Second-Hand Boat Bargains

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1. Mariner 43 Running Bear.jpg 1. Mariner 43 Running Bear.jpg
3. Searay 275.jpg 3. Searay 275.jpg
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Forced to meet the market, sellers have slashed prices of their preloved boats, leading to a buyer’s market. But dealers say the bottom has been reached. That mean’s it’s time to buy, writes DAVID LOCKWOOD. And do read Allan Whiting's column in Tradeaboat 390 about the best yacht buys.

Second-Hand Boat Bargains
Second-Hand Boat Bargains
Boats come and boats go, but most outlive their original owners. This means there are plenty of preloved classic and wooden boats for sale and some vintage fibreglass craft in respectable conditions. But when you add the latest must-have models and supposed redundancies created by them, plus the advent of new technology, the second-hand market is positively awash with boats.

In fact, I'm betting there are more boats for sale now than there are prospective owners. In other words, at this point in time, we have reached saturation point. While that's not so good news for sellers, who have been forced to reduce their asking price to meet the market, it's a boon for savvy buyers.

Thankfully, there's a second-hand boat for every bent and budget so you don't need to spend your life's savings to get afloat. And buy second-hand and you will save on the initial outlay, insurance and depreciation. But do get a survey if you plan to buy a bigger and more complicated boat. Although it might cost $1500-$2000 for a survey for 50-footer it's cheap insurance.

Make sure you ask the surveyor to take engine oil samples for analysis, something the major oil companies perform. Engine problems are the most costly of all boat repairs. Even tinnie buyers should devote extra attention to the outboard on the transom.

It's time to enjoy shopping for a bargain and boating on a budget. Try these second-hand boats to go.

Sport cruisers: The aspirational middle-class boater hasn't the brass to buy a floating family weekender these days. And the common V8 petrol engine (or two) in a typical American sport cruiser isn't exactly kind on the hip pocket. Such realities have seen some serious price corrections in the second-hand sport cruiser market. And if you are happy floating around local waterways, you won't use too much fuel. A 28-30 footer that can sleep a family of four is selling for around $100,000. The SeaRay 275 is a good example shown above.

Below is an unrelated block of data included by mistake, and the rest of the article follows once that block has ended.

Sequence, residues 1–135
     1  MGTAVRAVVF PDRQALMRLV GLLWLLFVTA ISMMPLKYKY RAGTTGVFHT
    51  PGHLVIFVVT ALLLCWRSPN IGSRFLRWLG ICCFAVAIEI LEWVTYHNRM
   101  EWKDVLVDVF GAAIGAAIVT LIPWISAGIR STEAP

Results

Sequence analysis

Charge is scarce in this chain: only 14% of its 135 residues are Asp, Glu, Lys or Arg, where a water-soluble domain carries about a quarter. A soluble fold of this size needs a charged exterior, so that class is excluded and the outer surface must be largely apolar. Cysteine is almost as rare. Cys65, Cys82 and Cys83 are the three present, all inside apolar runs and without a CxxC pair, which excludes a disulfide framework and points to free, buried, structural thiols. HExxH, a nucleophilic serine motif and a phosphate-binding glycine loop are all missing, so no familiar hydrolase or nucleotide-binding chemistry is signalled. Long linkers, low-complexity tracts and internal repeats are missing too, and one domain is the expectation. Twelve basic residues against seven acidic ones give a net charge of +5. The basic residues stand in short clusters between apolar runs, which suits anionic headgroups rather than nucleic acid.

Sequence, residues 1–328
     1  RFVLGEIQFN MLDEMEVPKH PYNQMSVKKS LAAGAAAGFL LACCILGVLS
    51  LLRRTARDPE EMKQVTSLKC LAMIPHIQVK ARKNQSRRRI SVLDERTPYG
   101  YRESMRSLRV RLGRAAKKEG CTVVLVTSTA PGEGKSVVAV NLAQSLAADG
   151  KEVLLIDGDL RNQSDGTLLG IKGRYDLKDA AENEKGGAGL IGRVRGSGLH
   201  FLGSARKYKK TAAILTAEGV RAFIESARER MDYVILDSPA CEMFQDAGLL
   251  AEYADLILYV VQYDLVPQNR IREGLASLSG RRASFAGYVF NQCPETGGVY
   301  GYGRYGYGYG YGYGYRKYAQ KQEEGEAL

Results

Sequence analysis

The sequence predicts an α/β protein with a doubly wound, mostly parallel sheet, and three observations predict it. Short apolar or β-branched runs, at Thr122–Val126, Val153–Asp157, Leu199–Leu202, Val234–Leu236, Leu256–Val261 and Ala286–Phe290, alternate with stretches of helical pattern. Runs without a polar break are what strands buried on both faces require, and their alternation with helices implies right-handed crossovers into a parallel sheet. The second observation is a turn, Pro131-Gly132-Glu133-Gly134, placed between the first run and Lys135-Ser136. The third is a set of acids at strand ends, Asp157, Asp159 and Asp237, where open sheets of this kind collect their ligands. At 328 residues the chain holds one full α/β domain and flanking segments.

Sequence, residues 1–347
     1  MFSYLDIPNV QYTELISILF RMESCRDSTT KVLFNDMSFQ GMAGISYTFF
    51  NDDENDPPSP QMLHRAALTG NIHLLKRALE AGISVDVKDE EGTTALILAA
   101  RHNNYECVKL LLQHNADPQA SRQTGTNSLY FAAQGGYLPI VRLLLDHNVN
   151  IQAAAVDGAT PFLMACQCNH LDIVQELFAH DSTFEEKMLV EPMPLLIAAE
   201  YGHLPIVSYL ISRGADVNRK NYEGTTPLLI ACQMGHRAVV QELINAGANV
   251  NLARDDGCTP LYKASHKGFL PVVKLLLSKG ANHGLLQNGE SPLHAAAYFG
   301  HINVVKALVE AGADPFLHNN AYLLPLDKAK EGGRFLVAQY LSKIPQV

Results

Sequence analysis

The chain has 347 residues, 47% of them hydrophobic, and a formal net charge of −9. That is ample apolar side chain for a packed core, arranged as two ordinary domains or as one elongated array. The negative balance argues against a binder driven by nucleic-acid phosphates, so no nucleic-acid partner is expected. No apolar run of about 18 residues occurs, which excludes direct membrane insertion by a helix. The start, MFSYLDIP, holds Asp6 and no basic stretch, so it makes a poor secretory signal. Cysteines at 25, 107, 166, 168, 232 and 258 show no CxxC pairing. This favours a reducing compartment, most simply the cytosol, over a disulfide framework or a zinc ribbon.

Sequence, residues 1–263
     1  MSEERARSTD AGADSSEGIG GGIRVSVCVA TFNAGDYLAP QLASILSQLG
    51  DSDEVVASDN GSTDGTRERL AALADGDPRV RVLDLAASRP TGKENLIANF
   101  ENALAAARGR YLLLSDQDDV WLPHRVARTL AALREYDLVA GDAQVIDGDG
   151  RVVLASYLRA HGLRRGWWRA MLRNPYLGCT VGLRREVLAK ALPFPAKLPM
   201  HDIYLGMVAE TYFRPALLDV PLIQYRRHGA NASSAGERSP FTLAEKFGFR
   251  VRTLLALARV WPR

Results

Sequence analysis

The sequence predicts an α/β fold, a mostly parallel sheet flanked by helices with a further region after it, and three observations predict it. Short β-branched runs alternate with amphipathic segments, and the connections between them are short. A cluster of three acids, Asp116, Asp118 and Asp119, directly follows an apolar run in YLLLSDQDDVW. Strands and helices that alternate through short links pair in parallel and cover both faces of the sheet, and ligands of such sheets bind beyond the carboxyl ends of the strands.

Flybridge Cruisers: Add a flybridge to your boat and suddenly you have commanding views as you cruise. A second-hand evergreen Caribbean 26 costs from $55,000 to $120,000 for a late model. The last Caribbean 28 was built in November 2005 and good one will cost about $180,000. It's one of best sea boats around and cheap to run with twin Yanmar 170hp/127kW (30-35 litres per hour).

An early 1980s Caribbean 35 with 235hp Volvo Penta power might fetch $130,000 these days, but maintenance will be high. So a late-1980 model Caribbean 35 with twin 3208 320hp Cats is better investment at $200,000.

Of course, Rivieras and Mariners abound on the second-hand flybridge cruiser market. The old Marina 43 is a real battlewagon for about $200,000. However, some boats such as Running Bear (pictured above) have been selling for as little as $155,000. And they can sleep up to eight for a week away. Put the boat on a swing mooring and save against a marina berth.

A second-hand Riviera 36 footer with Cummins engines can be found for $250,000, but you might strike up a deal for closer to $200,000. The Steber 36 is a lot of fishing rig for $120,000 to $180,000 sans mooring.

On the luxury front, the Rivera 40 has dropped $100,000 in a year. There was a nice 40 with twin 480hp/360kW Volvo Penta diesel engines and a boatload of extras being sold privately for $438,000 at the time of writing.

Hot Yachts: Yachts haven't been immune to the correction. You can buy an Endeavour 24 for under $10,000, a little Top Hat for $15,000, a Compass 28 for mid-$30,000, and a Cavalier 975 for under $50,000. These are all well-known entry-level craft.

Spend $100,000 and you get a preloved production-made Catalina, a small Beneteau or old Northshore. There is a wealth of cruising yachts above $150,000 including some timber lovelies if you have the time to tinker. But the best bargains are the top end of town and $200,000 buys an upmarket sail-away caravan or a race yacht like that pictured above.

Finance company Finlease, which has a big presence in the marine industry, recently funded the sale of a Beneteau 52 yacht for $500,000, nearly half the $860,000 new price when it sold three years ago. And a Beneteau 52 is no minnow. You can realise your lifelong dreams and sail around the world for less today than in many years past.

 


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